Canals were once London’s commercial arteries, carrying goods to and from the heart of the city, our canals still flow with life. But the pressure of urban life – vandalism, pollution, development and recreation – pose challenges.

Tidal Thames

The Thames is London’s ‘wildlife superhighway’, linking green spaces and smaller waterways, and supporting species and habitats not found anywhere else in the capital.

Progress on the Tidal Thames HAP is reported on BARS.


Download Wasteland Action Plan

Wasteland habitat develops on previously developed land and houses a remarkable diversity of species – providing informal space for wildlife and people. But wastelands receive little protection and often disappear under new development. Progress on the Wasteland HAP is reported on BARS.


Download Woodland Action Plan

Thousands of years of land management has dramatically reduced our woodland cover. As the timber market declined, so too did positive woodland management. Just under five percent of London is still woodland, but their quantity and health is under threat. The London Orchard Project is lead on the Orchard targets in the Woodland Habitat Action Plan. Progress on the Woodland HAP is reported on BARS.

For guidance on managing orchards for biodiversity, download PTES Guide to Orchard Management for Wildlife.

The Capital Woodlands project, which finished in 2010, was the focus for the rest of the HAP.

Capital Woodlands produced the following management guidance documents:

Other important habitats

Built structures

London’s wildlife depends not only on greenspace, but also on the artificial fabric of the city: buildings, bridges, car parks, wharfs, jetties and chimneys. Some species depend almost entirely on built structures.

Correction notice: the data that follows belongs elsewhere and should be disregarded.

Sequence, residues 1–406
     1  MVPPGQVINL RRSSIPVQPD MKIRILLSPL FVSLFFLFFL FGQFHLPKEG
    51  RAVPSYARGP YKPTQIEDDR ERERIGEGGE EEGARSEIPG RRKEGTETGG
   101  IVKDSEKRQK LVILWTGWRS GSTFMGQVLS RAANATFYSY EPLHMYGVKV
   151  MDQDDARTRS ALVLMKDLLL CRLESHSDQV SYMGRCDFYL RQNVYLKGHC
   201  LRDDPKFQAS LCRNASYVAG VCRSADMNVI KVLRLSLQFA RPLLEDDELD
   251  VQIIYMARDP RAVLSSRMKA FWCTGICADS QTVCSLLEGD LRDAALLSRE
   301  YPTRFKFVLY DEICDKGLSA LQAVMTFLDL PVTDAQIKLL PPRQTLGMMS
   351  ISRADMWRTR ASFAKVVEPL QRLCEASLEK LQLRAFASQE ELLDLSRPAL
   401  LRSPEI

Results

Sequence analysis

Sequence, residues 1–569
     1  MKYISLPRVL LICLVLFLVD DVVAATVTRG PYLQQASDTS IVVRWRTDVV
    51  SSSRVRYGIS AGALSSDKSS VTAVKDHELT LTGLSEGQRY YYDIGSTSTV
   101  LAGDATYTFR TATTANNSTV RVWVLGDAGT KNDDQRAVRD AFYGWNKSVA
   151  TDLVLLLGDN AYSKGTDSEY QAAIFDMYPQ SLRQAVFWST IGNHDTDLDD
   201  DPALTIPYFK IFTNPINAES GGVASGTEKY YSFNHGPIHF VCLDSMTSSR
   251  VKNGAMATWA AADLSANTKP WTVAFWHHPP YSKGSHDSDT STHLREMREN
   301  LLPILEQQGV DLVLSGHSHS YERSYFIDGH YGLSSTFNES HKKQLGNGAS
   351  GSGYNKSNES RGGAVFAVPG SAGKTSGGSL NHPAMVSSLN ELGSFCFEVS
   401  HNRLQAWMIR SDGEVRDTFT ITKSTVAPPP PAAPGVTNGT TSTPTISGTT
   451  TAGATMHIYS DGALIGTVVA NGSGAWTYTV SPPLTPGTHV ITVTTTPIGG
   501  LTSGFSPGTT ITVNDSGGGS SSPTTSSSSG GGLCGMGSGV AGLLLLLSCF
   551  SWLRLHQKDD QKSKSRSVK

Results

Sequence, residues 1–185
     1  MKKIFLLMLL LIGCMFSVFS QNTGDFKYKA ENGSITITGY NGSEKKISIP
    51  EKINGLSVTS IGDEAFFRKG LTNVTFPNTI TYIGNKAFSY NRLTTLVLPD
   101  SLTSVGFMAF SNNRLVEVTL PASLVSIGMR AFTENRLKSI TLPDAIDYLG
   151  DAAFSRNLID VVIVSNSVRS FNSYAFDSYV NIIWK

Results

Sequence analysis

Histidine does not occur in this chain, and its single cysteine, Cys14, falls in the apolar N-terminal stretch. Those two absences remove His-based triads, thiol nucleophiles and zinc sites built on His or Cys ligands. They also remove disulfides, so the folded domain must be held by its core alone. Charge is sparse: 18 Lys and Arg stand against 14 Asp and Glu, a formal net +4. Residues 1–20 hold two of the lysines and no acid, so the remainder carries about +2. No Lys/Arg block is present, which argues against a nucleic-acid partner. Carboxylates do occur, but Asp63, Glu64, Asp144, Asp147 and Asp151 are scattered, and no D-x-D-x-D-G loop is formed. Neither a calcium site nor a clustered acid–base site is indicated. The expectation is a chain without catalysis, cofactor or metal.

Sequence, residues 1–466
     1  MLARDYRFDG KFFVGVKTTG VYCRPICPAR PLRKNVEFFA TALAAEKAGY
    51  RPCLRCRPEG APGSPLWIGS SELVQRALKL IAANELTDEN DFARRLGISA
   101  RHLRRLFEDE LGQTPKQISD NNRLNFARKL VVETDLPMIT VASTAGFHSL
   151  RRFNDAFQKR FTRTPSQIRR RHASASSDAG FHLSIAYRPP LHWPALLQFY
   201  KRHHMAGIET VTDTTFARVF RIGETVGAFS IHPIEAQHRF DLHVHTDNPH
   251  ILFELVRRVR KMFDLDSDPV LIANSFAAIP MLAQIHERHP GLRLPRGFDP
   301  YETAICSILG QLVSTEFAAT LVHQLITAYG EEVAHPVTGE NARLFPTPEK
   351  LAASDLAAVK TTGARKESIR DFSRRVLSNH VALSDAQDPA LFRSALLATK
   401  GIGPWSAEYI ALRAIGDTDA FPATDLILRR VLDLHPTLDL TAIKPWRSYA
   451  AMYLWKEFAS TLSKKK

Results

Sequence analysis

A Built Structures Action Plan or Working Group has not been established.

Planners, developers and building owners can Design for Biodiversity and install features beneficial to wildlife, like living roofs.

Meadows and pastures

There are targets on BARS for this important habitat in London, but no working group or HAP at the present time.

Organisations are strongly encouraged to take ownership of the targets by taking action to protect and enhance existing meadows, and create new meadows on their land. Plantlife’s Saving Our Magnificent Meadows project may help partners deliver these targets.

Fen, marsh and swamp

There are targets on BARS for this important habitat in London, but no working group or HAP at the present time.

Organisations are strongly encouraged to take ownership of the targets by taking action to protect and enhance existing fens, and create new fens where appropriate.

Open landscapes with ancient/old trees

There are targets on BARS for this important habitat in London, but no working group or HAP at the present time.

Organisations are strongly encouraged to take ownership of the targets by taking action to protect and enhance existing habitat.

Scroll To Top